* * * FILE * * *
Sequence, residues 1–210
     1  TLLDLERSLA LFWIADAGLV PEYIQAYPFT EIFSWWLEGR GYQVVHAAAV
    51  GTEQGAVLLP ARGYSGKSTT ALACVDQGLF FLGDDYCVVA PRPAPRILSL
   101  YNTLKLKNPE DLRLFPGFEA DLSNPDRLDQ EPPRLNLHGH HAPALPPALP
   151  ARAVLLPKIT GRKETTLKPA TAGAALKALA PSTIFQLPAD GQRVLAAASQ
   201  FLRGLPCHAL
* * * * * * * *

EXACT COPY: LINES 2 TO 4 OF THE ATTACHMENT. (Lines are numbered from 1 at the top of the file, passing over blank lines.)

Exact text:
     1  TLLDLERSLA LFWIADAGLV PEYIQAYPFT EIFSWWLEGR GYQVVHAAAV
    51  GTEQGAVLLP ARGYSGKSTT ALACVDQGLF FLGDDYCVVA PRPAPRILSL
   101  YNTLKLKNPE DLRLFPGFEA DLSNPDRLDQ EPPRLNLHGH HAPALPPALP